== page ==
--"The Globe and Mail
"Merely reading Jeanette Winterson is a mistake. You need to ingest her rhythms and metaphors until the book breathes inside your consciousness. . . . Lighthousekeeping. . . is a magical tale. . . . a fast and engrossing tale of love and betrayal."
--"Elle (Canada)
"Lighthousekeeping is a sheer delight. . . . It is aimed squarely at the heart, not the head. . . . The success of Lighthousekeeping..".lies in its complete disregard for fact in favour of fantasy, and in the seductive richness of its language. . . . Humour and inventiveness are plentiful throughout the book. . . . With Lighthousekeeping," Winterson has produced a novel so abundantly warmhearted that it would seem simply churlish to dislike it."
--"The Scotsman
"Winterson has reverted to the accessible narrative of works such as The Passion. Lighthousekeeping is all the better for it."
--"Financial Times (UK)
"The power of Lighthousekeeping is in its stylistic dynamic between holding itself together with the pared-down precision of its language, each word smoothed into a finely polished pebble, and spilling out in the consciousnesses, narratives and disparate times that bleed seamlessly into each other."
--"The Observer (UK)
Praise for JeanetteWinterson:
"There is always a visionary moment in a Jeanette Winterson novel when someone sets sail and a new world is invoked in tones suffused with ecstasy. . . . She takes us on mythic journeys to shifting cities of the interior."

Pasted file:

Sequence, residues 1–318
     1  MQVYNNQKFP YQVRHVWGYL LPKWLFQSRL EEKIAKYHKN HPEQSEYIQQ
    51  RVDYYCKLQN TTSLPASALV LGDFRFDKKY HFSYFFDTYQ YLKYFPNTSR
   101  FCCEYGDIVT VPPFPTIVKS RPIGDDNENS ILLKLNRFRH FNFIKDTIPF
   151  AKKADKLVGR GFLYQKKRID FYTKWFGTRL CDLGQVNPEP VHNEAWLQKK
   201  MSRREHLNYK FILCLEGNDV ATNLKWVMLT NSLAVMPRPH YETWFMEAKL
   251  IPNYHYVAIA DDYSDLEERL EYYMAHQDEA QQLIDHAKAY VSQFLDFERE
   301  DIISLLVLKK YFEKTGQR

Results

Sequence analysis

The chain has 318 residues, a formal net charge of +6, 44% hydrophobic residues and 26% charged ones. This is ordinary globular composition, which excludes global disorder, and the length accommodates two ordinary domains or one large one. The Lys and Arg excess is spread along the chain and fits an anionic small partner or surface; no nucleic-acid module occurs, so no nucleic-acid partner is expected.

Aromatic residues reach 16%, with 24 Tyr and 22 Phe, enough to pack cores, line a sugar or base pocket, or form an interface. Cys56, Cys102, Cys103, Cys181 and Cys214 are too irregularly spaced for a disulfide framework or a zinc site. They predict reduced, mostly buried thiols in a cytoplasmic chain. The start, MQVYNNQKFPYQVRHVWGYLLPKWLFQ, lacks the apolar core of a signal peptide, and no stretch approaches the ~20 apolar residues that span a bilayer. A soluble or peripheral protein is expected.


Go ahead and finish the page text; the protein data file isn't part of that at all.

--"The Times Literary Supplement
"She is a master of her material, a writer in whom great talent deeply abides."
--Muriel Spark
"She is able to walk the tightrope of suspense, making the reader crave the next meticulously sensual detail."
--"Edmonton Journal
"Winterson expresses the range of the human soul."
--"The Vancouver Sun "From the Hardcover edition.
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About Jeanette Winterson

JEANETTE WINTERSON is the author of several works of fiction, essays, and, most recently, a children's picture book. Her numerous awards include the Whitbread First Novel Award, the John Llewelyn Rhys Prize, and the E. M. Forster Award. She lives in Oxfordshire and London.
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Rating details

6,446 ratings
3.83 out of 5 stars
5 28% (1,803)
4 37% (2,395)
3 27% (1,712)
2 7% (446)
1 1% (90)